- Associated Press - Saturday, February 7, 2015

ALTOONA, Pa. (AP) - It’s a long-held view in global affairs: When resources are scarce, conflict often follows.

For evidence, look no further than the streets of Altoona - or indeed, any Northern city - after a heavy snowfall. Few resources will be more sought-after, or more heavily contested, than a freshly shoveled parking space.

During winter storms, police in many cities and boroughs must contend with neighborhood disputes and legal misunderstandings as drivers squabble over limited space. And when weather forces small-town governments to clear residents from the streets, the work comes with a hefty price tag.

“There seems to be a lot of contention in the neighborhoods. … It’s very difficult for people to park,” said Dave Diedrich, public works director for Altoona. “But you can’t enforce common courtesy.”

‘Yinzer justice’

The call crackled over Blair County police radios Tuesday night: Someone had parked in a resident’s newly shoveled-out spot. He apparently wanted police to take action against the thief.

There was little police could do in response. The space-snagging might seem morally comparable to theft, but legally, it’s perfectly acceptable.

“What we do run into is issues of neighbor-versus-neighbor,” Altoona Police Sgt. Brian Freiwald said. “It’s completely obnoxious, but it is not illegal.”

Anyone who’s lived in a western or central Pennsylvania city is likely familiar with the “parking chair,” a marker left outside to hold a spot from those would-be thieves.

A cheap patio chair or an overturned garbage can usually does the trick.

They can be effective in swaying drivers from slipping into a spot, but they’re technically illegal, police have stressed.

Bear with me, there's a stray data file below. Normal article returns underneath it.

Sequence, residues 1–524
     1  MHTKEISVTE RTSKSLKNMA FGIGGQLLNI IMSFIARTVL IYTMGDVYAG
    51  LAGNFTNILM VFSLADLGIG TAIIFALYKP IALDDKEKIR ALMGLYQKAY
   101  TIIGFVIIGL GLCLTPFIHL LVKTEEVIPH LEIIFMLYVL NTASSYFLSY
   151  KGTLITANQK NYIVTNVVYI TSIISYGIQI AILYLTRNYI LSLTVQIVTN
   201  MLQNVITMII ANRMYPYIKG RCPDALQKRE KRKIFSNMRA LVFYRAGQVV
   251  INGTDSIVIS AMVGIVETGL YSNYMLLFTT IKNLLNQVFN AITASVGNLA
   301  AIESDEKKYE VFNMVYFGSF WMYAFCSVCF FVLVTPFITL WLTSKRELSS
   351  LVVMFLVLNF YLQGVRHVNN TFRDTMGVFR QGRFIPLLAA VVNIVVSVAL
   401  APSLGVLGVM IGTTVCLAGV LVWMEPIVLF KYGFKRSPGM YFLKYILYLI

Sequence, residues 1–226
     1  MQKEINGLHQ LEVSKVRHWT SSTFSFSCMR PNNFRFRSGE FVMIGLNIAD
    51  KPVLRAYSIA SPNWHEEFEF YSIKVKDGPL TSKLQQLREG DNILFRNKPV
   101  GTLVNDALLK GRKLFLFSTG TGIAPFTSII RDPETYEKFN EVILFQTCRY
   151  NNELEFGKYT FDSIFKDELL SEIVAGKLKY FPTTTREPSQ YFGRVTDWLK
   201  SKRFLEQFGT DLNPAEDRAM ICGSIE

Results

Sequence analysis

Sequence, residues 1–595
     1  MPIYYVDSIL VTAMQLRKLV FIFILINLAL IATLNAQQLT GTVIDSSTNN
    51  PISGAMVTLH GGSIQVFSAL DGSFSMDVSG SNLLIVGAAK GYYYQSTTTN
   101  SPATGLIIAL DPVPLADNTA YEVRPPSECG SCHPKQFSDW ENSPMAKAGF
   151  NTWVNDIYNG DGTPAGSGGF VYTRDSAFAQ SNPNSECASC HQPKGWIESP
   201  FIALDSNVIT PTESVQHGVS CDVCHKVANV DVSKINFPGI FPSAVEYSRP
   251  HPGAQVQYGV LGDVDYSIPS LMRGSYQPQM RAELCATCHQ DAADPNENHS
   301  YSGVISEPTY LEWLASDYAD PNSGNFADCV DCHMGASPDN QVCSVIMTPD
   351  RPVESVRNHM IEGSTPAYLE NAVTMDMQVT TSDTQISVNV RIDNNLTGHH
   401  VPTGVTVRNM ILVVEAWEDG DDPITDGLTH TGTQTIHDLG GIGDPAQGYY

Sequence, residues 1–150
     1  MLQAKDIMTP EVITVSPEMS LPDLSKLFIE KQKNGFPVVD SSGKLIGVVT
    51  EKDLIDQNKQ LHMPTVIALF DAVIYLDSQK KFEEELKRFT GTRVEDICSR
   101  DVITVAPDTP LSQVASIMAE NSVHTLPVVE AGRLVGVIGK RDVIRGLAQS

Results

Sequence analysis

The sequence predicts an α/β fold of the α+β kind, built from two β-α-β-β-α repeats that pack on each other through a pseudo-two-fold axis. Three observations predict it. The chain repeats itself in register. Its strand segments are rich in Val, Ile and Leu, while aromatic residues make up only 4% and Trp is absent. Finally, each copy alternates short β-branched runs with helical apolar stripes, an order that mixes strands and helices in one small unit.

“You see the cones, the chairs … there was a planter out there” recently, Freiwald said.

When officers come across the chairs, they can remove them or knock on doors to warn their owners. Leaving a chair in the street - even with good intentions - is littering, police in several Northern cities have repeatedly warned during past winters.

The job is best left to police, though, Freiwald cautioned. A 2010 story on Pittsburgh news station WTAE described the so-called “yinzer justice” meted out to those who dared interfere with parking chairs.

Altoona residents have reported insults drawn into the snow on invading cars and shouts at their owners; one Pittsburgher on WTAE reported neighbors burying an outsider’s vehicle in feet of powder.

“They’re territorial,” Freiwald said.

Heated disputes

The chairs, however, are merely a symptom of a larger problem police and municipal authorities often face.

When heavy snow falls and car owners are forced to dig their way to freedom, tempers can flare among neighbors - often fueled by basic misunderstandings of the law.

In crowded towns and cities, residents sometimes come to think they own the spaces around their homes, police said. In some cases, people mistakenly believe they can even have public spots reserved for personal use.

“Listen, understand: You don’t own the street. That is a public street,” Duncansville Police Chief James Ott said. “If (your neighbors) park 10 cars because they own 10 cars, that is not a violation of the law.”

While borough and city residents might occasionally hear neighbors’ gripes that they plan to reserve a space, no such arrangement exists, Freiwald of Altoona stressed.

For one, it would be borderline impossible to police effectively: Officers would have to look out for “reserved for John Doe” signs all along the city’s hundreds of miles of road.

Even specially assigned handicapped spaces are open to anyone with a handicapped placard, even if they live nowhere near the spot in question, Freiwald noted.

Common misunderstandings around those spaces can lead to friction in packed neighborhoods, he said. And while police often respond to residents’ complaints with a simple explanation over the phone, officers sometimes have to cool the situation when two neighbors bicker openly on the street.